Six U.S. troops have been killed in attacks by their Afghan colleagues since the Quran burnings came to light.

In the capital, meanwhile, Mr Karzai said the government still expects to sign a strategic partnership agreement with the United States by the time a NATO summit convenes in Chicago in May.

The agreement would formalize the U.S.-Afghan relationship and the role of U.S. forces in Afghanistan after NATO’s scheduled transfer of security responsibility to the Afghan government at the end of 2014.

But Mr Karzai stressed the importance of foreign forces leaving Afghanistan to preserve the country’s national sovereignty.

Any international forces that remain after 2014 would have to operate under strict guidelines governing their responsibilities and when they could leave their bases, he said.

‘We have a strong army and police, so it is to our benefit to have good relations with the international community, not have international troops in our country,’ Karzai said at a public event in Kabul.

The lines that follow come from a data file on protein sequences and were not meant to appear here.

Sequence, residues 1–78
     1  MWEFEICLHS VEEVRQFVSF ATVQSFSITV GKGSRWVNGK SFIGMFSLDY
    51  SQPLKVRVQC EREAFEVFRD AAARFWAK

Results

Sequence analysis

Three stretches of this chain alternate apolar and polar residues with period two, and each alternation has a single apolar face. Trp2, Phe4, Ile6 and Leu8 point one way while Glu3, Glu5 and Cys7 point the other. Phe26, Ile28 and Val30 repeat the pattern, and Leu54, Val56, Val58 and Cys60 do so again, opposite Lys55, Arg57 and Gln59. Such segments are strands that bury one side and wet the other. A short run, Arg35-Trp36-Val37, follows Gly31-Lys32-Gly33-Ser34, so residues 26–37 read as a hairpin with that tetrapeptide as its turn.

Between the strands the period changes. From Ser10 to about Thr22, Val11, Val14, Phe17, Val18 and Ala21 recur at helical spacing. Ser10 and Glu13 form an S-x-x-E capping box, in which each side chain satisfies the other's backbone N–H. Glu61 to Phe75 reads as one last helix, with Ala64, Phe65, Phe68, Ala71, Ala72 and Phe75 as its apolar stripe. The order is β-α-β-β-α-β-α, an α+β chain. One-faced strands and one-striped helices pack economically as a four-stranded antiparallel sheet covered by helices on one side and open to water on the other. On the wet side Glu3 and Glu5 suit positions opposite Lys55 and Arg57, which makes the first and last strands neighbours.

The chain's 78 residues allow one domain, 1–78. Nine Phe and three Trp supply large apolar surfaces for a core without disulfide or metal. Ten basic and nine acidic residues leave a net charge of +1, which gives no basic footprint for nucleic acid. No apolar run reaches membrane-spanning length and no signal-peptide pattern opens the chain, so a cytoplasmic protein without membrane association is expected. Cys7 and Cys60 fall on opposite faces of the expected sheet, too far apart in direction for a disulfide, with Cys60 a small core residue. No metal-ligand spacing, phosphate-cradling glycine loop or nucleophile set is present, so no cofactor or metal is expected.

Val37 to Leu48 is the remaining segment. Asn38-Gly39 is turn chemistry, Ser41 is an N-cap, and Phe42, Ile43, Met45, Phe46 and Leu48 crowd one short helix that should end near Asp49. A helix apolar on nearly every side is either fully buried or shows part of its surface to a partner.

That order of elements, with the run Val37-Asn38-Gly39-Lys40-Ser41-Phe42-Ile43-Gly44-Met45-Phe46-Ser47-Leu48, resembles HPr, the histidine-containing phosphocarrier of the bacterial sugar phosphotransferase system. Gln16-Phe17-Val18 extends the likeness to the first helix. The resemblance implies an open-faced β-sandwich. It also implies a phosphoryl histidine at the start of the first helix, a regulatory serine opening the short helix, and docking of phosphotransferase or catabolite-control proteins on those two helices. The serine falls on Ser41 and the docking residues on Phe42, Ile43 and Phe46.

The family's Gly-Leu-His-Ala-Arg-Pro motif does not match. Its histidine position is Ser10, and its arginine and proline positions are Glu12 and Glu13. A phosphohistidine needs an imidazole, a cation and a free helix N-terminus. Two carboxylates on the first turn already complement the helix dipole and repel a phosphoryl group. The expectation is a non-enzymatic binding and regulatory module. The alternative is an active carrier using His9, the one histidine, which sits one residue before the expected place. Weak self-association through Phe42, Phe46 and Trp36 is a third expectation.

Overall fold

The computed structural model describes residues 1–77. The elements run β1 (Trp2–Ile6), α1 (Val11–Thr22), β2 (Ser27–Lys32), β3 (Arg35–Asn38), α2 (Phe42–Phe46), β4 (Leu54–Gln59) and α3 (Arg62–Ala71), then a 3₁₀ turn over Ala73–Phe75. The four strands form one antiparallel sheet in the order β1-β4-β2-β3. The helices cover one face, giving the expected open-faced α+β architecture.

The president has demanded that international forces stop night raids on the homes of suspected militants as a condition to signing the strategic partnership agreement.

The raids have caused widespread anger among Afghans.

All foreign combat troops are slated to withdraw by end of 2014 from a costly war that has become increasingly unpopular.

Also Sunday, a prominent Afghan women’s rights activist said gunmen attacked her office in a western province in an apparent assassination attempt.

Malalai Joya, a former Afghan lawmaker and vocal critic of both the Taliban and of criminality in the Afghan government, said the attack on her office in Farah province was the sixth attempt on her life to date.

Armed men tried to storm the compound before dawn on Saturday, she said.

The attackers did not get into the building but two of her guards were seriously injured and are currently in the hospital.

Ms Joya said she was in Kabul at the time but had planned a trip to Farah soon and news of that may have leaked out.

She said she believes the attackers thought she was in the building.

The shooting spree took place in the Panjwai district of Kandahar province this morning.

Captain Justin Brockhoff, Nato spokesman confirmed a U.S. service member had been detained following the attack.

The wounded are receiving treatment at a medical base and U.S. forces are investigating the shooting with Afghan authorities.